Despite the less rigid concepts applied to these terms, they can still be moulded into specific forms and used as an ideology. In several Western countries there are political groups known as the ‘Libertarian Party’, though they may have different policies and approaches to the libertarian worldview. In this way, such a concept refers to a general attitude rather than a specific set of ideas which are exclusive to libertarianism. It works the same way with any sort of ideology, since they are all open to individual interpretation and understanding, even if they attempt to form a solid form for the sake of promoting a specific set of ideas. It is worth not getting too bound up in attaching inflexible ideas to a particular concept and understand that the meaning of a word may change over time. A good example would be the term ‘gay’, which originally meant something like ‘giddiness’ and changed its meaning to refer to homosexuals. Even more recently, it has come to mean something more akin to ‘weak’ or ‘disappointing’, which shows how a word may change its meaning when applied to something that shares some of the same qualities as the previous meaning.

If you were to ignore the more recent change of meaning of the word ‘gay’ and would only take it to refer to a homosexual (or even the earlier meaning), this may be at odds with the understanding of the word that was held by somebody else and could potentially lead to misunderstanding and conflict. Thus, it is more important to understand an individual’s own definition of a label if they apply it to themselves rather than one’s own definition. Many religions and political ideologies have variation of definition within their own circles, though they will maintain their cohesiveness if they are based on shared interests rather than individual preferences. To get the gist of what somebody else says is more important than one particular word or idea that they use to describe something. Similarly, if we attempt to stick to one particular set of principles without considering whether it actually suits our authentic self or not, then this can cause us to become confused and do things which we would rather not. The most important thing is what something means to you, though you should make sure that it is appropriate and not liable to be misunderstood at the same time. Labels are merely signposts to describe the contents of a set of ideas, but the labels themselves do not exist in physical reality.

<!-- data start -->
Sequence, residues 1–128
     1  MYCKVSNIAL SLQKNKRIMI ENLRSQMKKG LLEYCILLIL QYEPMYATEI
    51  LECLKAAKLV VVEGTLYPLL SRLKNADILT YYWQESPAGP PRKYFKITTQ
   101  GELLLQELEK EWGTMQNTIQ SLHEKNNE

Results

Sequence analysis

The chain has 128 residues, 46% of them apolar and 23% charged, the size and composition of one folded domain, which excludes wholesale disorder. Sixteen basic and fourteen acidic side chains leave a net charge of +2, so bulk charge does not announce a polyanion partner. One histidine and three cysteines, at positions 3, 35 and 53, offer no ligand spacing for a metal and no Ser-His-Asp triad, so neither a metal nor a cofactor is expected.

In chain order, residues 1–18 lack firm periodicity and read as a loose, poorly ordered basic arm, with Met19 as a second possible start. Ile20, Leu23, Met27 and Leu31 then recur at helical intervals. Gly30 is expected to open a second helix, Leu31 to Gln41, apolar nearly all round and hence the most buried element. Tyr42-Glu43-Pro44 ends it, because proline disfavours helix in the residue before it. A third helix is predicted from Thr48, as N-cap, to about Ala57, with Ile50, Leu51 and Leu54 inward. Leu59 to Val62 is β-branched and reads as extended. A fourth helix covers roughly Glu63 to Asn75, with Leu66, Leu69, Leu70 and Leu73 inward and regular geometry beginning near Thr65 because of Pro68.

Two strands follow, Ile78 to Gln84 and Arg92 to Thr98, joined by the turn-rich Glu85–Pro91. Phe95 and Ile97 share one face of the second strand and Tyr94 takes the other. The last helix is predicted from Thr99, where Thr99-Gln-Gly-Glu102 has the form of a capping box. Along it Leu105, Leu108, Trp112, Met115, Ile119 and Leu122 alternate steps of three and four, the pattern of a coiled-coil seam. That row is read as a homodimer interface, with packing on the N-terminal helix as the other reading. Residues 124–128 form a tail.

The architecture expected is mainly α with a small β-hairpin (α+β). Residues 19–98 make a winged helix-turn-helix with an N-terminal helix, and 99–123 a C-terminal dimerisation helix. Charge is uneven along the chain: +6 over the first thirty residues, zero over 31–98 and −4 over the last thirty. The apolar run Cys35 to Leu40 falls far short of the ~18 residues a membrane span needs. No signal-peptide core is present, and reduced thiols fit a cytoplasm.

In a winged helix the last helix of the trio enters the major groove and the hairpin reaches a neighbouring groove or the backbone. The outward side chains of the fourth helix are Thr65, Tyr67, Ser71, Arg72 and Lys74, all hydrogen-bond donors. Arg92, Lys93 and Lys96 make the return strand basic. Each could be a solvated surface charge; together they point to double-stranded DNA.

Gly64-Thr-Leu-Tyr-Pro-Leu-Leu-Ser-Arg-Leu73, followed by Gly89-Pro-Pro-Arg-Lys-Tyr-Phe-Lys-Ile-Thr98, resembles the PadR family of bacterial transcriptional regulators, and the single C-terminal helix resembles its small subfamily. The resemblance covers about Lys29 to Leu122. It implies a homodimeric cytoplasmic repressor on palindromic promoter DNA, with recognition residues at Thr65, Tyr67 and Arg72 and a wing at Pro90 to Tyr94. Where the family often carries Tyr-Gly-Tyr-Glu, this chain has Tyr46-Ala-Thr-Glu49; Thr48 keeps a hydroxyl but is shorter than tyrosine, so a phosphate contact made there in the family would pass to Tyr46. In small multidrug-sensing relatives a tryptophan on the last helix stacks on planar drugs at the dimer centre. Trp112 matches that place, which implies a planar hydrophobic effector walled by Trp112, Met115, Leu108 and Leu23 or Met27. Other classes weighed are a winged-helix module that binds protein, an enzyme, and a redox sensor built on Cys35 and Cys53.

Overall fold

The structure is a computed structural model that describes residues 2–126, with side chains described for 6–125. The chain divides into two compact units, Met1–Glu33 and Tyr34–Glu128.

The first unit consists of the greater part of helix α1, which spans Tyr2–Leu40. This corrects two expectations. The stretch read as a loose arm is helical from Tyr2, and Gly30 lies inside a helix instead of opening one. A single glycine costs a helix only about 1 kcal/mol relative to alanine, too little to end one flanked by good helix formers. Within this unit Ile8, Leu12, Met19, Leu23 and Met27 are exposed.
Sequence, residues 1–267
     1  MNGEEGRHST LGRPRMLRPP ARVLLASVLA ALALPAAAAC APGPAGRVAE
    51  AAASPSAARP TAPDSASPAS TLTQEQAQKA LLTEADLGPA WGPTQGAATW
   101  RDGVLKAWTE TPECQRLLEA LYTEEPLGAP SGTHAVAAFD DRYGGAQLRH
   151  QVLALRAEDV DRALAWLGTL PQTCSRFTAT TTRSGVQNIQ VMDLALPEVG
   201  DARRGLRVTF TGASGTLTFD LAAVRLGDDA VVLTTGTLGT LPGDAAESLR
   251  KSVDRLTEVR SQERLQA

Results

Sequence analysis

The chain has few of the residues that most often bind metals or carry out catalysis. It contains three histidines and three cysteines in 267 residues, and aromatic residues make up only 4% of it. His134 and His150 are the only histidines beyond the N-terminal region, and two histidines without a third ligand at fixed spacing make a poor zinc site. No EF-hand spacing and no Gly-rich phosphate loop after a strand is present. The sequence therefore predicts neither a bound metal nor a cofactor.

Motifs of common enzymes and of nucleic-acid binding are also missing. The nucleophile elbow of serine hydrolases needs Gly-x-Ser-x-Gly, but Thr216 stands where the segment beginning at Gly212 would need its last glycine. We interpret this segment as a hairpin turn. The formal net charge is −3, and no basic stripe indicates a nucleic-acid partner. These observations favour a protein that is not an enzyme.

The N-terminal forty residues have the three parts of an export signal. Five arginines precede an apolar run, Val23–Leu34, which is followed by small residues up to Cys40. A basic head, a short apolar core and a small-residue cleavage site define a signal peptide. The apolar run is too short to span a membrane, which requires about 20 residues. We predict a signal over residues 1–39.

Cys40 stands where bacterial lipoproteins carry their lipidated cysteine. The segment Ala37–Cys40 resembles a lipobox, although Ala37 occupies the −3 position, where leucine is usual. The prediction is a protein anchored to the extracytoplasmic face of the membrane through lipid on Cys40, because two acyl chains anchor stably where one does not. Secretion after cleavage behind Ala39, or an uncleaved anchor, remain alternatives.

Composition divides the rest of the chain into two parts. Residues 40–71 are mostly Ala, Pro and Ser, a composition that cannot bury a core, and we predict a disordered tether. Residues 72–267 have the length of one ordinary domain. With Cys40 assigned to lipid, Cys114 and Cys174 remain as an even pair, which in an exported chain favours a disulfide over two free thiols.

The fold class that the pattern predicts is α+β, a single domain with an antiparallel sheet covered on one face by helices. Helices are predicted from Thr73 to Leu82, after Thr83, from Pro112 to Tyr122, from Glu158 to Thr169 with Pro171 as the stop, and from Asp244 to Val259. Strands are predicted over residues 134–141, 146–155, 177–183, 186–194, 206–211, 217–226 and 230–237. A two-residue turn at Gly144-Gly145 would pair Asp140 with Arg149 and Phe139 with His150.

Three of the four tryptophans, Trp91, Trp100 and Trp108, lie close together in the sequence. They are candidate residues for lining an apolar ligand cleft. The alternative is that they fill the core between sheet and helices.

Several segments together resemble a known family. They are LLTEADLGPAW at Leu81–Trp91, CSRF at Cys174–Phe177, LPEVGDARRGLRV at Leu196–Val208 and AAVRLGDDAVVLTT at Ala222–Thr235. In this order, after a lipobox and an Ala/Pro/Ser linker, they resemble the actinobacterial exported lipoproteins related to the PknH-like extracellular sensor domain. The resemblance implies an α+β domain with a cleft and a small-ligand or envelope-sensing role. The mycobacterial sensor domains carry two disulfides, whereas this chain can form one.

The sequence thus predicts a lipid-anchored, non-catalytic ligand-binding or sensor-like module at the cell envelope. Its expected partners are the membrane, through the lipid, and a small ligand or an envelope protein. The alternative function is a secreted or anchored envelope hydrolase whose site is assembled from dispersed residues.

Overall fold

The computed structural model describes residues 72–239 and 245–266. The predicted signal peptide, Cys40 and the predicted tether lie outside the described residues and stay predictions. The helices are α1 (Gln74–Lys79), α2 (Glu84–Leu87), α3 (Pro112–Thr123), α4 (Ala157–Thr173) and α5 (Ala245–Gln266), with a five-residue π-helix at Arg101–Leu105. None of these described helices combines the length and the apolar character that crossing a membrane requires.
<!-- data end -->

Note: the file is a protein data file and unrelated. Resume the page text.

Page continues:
Though there is probably a place from which we derive our inspiration and ideals, those ideas can only manifest in the material realm with willpower and a sense of being grounded in reality, though not so grounded that we lose touch with the transcendental reality from which we derive our thoughts. It is my belief that thoughts exist in the mental space, but that they derive from each of the Nine Worlds, thereby opening up mankind to influence from divine, natural and demonic entities. Our own intuition can help to guide us to know what voices should and should not be listened to. Some of these voices may come from others who have either inspired or abused us, but it is necessary to distinguish between one’s own inner voice and those from outside, even though it is good to be open to other people’s ideas. Words should be used to enlighten rather than enslave, and it is better not to expect that they may be relied on in the place of action. Likewise, they should never be seen on the same level as actions, as words are only effective if they can influence the will of a man and thus cause him to act, but in such an instance it is the action which is more important.

Wulf Willelmson